The View from My Backyard

A View from the Backyard
(pictured Austin, Davis, Reed, Cole, Blake, 2002)
It is not often one sits down to eat a meal amongst heroes, but yesterday was my blessed day.
A young man was seated next to me, lamenting the music choice of the DJ at an event we were attending, while chewing relentlessly on Montgomery Inn ribs. When asked about family vacations, he chattered endlessly that he didn’t have time for vacations, he’s got “stuff” going on… lifting for football season, then he shows me the picture of a young woman he had invited to attend the event with him. She had declined due to volleyball practice. He bemoaned another young woman whom he had accompanied to homecoming, said she wanted to get to know him better and then broke up with him shortly thereafter. Our table had quite the laugh. “Women,” I exclaimed, and my husband chimed in agreement.
The young man rose from the table and wandered about, talking to various guests. I was also privileged to sit at the table with this young man’s older brother. He talked about his summer spent away from his family, playing baseball up and down the East Coast at colleges such as UVA and UNC. He told me in the next breath that he would also be visiting Ohio State and Miami soon. Both coaches had made contact with him regarding their baseball teams. We laughed, “Thank goodness its not football!” (Sorry OSU fans!). When asked if he was considering East Coast schools at all, he mentioned the usual equation: out of state costs – minus scholarships = decision point. Having sent two off to college already, we understood the math of finding a college closer to home. He casually mentioned wanting to make is easier on his mom and dad. While his point may have been financially-driven, it was emotionally-packed too.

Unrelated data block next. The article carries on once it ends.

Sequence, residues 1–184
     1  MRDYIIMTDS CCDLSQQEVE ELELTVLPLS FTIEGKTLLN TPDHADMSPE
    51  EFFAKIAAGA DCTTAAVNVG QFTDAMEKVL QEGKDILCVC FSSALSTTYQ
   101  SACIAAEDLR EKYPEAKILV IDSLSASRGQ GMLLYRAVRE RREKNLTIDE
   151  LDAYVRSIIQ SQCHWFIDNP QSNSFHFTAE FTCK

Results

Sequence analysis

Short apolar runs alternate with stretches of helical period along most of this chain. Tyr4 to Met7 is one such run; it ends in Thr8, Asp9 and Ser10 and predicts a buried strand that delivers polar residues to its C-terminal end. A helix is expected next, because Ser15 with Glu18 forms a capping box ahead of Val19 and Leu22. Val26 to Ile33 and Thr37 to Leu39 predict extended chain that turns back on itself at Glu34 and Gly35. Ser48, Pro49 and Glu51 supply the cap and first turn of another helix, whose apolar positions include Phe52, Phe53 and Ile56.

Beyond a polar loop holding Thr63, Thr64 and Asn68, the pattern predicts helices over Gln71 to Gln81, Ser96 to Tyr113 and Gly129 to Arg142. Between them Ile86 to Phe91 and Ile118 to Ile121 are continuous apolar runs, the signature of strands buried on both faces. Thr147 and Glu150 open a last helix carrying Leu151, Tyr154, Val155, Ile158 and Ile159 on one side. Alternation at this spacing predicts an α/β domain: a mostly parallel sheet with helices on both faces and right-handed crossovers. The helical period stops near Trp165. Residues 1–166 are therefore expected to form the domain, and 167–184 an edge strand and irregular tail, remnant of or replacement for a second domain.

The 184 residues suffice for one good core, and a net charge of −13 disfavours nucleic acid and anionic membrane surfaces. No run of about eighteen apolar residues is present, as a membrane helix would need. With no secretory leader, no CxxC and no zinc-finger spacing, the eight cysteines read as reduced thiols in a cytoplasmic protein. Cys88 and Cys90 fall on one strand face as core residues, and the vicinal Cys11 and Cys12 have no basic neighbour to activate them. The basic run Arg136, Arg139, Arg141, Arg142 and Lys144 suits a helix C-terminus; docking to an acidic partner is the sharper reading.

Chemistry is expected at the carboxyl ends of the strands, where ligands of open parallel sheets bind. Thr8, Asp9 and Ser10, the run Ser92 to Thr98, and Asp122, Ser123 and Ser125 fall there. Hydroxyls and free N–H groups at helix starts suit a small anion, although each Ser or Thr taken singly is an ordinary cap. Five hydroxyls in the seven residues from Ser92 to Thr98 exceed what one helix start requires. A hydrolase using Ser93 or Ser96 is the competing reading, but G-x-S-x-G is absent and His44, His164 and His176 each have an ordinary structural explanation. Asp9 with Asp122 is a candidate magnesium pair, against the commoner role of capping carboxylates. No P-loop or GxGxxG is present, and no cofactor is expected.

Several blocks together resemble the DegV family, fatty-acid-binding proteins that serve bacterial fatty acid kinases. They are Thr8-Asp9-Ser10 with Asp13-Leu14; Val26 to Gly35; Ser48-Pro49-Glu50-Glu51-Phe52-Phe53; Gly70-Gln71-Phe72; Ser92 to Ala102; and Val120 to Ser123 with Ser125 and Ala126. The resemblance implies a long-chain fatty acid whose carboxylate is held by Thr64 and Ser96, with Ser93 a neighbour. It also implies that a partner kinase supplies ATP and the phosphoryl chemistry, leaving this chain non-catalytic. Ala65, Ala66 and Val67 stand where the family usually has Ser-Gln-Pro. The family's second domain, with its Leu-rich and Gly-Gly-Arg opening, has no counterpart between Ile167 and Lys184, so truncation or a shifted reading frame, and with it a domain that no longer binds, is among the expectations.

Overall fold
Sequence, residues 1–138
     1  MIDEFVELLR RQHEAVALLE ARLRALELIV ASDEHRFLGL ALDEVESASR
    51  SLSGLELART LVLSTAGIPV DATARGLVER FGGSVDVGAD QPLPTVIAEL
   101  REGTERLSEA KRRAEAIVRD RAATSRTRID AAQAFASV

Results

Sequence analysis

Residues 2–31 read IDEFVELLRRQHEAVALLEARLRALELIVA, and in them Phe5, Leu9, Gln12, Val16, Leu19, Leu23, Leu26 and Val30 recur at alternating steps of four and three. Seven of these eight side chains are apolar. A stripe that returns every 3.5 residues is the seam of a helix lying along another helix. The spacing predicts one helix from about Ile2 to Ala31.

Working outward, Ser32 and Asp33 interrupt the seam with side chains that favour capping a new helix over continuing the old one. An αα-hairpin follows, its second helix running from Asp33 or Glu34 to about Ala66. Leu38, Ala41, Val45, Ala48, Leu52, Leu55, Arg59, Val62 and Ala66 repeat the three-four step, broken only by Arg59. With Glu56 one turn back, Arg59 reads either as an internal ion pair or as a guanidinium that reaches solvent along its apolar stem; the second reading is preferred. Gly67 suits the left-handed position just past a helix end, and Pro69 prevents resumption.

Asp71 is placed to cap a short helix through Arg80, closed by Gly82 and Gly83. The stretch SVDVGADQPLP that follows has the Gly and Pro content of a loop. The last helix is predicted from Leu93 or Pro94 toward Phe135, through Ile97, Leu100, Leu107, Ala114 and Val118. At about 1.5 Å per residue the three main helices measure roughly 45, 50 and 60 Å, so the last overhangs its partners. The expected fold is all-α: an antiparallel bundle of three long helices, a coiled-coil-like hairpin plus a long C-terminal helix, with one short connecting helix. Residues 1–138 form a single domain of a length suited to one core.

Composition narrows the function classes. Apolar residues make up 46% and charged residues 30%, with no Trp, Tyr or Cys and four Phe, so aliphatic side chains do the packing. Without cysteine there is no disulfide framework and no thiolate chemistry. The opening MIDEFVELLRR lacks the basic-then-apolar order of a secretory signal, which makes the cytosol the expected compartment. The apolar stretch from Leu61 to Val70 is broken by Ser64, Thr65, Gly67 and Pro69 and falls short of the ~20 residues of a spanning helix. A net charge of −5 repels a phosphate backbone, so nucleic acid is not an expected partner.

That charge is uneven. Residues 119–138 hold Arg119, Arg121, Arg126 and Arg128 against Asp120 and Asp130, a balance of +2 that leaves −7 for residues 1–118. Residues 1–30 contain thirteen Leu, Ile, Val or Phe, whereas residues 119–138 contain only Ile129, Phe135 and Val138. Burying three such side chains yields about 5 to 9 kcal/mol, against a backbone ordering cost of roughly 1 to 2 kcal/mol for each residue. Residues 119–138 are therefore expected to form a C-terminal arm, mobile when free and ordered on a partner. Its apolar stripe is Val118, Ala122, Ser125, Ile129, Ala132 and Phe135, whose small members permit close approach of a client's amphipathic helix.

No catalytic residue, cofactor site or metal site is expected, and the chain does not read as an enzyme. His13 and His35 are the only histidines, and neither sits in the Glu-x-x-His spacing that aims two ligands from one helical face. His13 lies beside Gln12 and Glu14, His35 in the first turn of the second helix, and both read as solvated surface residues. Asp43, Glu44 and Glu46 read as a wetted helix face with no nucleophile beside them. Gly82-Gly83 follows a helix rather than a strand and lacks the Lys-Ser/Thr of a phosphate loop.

The first young hero was my backyard neighbor Cole. Struck by a batted ball two years ago, he suffered a traumatic brain injury, and on the road to recovery was met with many new challenges, including dystonia. His parents have traveled the country to find treatments (deep brain stimulation) that will allow Cole to regain more control over his motor movements. I love this boy, and had written about him before, how he held my son’s hand so many years ago and led him through the darkened wooded path that separated our two homes so Davis could be surrounded by this wonderful family of boys.
And while Cole was a first friend of Davis’, his brother Reed, the other hero, became the older brother Davis never had. Through teasing, baseball, food and general conversation, he modeled for Davis the actions – and antics – of an older brother.
As I sat through dinner, a fundraiser for children with TBI, I reflected on Reed, how he had matured since the backyard baseball days. And how much he had to grow up, when his younger brother was severely injured. And to speak of lifting the load of his parents was cause for me to hide my joy and tears. Not many teenagers could swallow the notion of making sacrifices for a younger sibling. While I assume he still beats up on Cole, compassion and determination have become his constant companions along the path these past two years.
The reality is that this has not been Cole’s journey alone. It has been a family trek. No one in that family has not been impacted by the turn of events on a warm May afternoon.
Before the fundraiser, I had been visiting with a sick friend in the hospital. Knowing she had been confined to a room at UC for over six weeks, I ruminated on my own marathon hospital visits, and certainly those of Cole and his family.
I was reading aloud to her a book of haiku, poems written mainly by Japanese poets, but also by the beat poets Allen Ginsberg and Jack Kerourac. Poetry for me had always been a sort of prayer, but also an opportunity to capture a moment, like a Polaroid camera once did.
Jack wrote,
“The taste of rain –
why kneel?”
The author who had compiled these haiku also added her insights into the meaning and relevance of each. As she explained this particular one, she cited a Japanese phrase that translated to, “the poignancy of the transient moment.”
We cannot attach ourselves to the joy and pain of every living thing. But last night sitting at dinner, listening to talk about baseball and country music, I at once felt buoyed by my relationship with both these heroes.
It is a moment that I will remember, and remember the tenderness of it all.

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